You can see Jesus come to you and assure you that he has wiped away the demands you made of him. That he has washed you in the waters of baptism. That he has clothed you with his innocent life. That he has set you on the lap of his Father and that the Father cradles you as his adopted child.
That is the right definition of ‘church.’ Here, in this visible building, God comes to you individually so that you can (1) Receive satisfaction with the nourishment God provides. That you receive spiritual nourishment from the Word. Then when you leave here, you can (2) Flourish from the comfort God extends.
For thus says the Lord: “Behold, I will extend peace to her like a river, and the glory of the nations like an overflowing stream; and you shall nurse, you shall be carried upon her hip, and bounced upon her knees.” Do you see what you receive? Peace. Do you know what that means? Peace is God standing at-one with you. He does not turn his back, he faces you. He does not plug his ears because you broke your promises to quit doing wrong, he declares your shame removed. You can point at heaven and say, “That’s my home! I know that because God says it!” You can pray and say, “Amen! God hears me because he says he hears me!” You can confront struggles head on, saying, “God does not stand against me, but with me, because he extends peace to me!” Here, in this [little-‘c’], visible church you hear ‘peace.’ Those words hit your heart and keep you in God’s [big-‘C’]hurch. Since you stand at peace with God, your life flourishes.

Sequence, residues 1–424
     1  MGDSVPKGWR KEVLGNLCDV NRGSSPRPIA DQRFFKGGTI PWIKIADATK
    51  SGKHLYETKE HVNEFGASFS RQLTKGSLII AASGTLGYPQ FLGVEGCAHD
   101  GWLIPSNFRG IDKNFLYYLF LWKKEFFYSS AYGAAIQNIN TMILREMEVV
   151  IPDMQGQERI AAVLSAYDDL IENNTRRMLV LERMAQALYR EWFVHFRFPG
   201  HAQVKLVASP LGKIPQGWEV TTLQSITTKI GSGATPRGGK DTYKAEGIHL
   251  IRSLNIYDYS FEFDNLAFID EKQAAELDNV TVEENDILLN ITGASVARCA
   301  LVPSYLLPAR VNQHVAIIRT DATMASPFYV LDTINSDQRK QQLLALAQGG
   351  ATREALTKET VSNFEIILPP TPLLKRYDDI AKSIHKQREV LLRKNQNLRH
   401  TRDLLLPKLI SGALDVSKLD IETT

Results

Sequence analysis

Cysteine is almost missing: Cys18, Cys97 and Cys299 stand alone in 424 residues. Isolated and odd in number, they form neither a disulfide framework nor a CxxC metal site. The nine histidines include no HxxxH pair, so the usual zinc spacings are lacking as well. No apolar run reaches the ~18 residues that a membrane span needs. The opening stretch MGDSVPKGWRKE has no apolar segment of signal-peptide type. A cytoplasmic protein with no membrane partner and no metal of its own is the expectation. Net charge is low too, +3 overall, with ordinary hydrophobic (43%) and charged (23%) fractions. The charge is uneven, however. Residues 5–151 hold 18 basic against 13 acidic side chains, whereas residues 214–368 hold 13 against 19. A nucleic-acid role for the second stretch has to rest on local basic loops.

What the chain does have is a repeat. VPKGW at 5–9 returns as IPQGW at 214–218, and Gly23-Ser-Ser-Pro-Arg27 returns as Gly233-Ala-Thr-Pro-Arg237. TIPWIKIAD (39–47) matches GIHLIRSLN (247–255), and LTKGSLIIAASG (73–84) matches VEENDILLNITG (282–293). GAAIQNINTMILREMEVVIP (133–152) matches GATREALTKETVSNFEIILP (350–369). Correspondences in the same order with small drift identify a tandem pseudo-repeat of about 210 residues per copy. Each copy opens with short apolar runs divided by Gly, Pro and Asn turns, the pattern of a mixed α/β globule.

God does not stop there. He takes his peace and combines it with comfort. As one whom his mother comforts, so will I comfort you; you shall be comforted in Jerusalem. That is good. The devil will always try to convince you that what matters most about church is what is seen. That’s why you feel down at times, the devil tries to convince you that God lacks power. The devil knows that if he throws you into despair, then the Word does not sound so appealing. Then your time here is not spent growing, but rather spent holding onto past memories of what you once had. Yes, the devil knows that if he can get your mind off of the one thing church is all about, then he has gained the upper hand.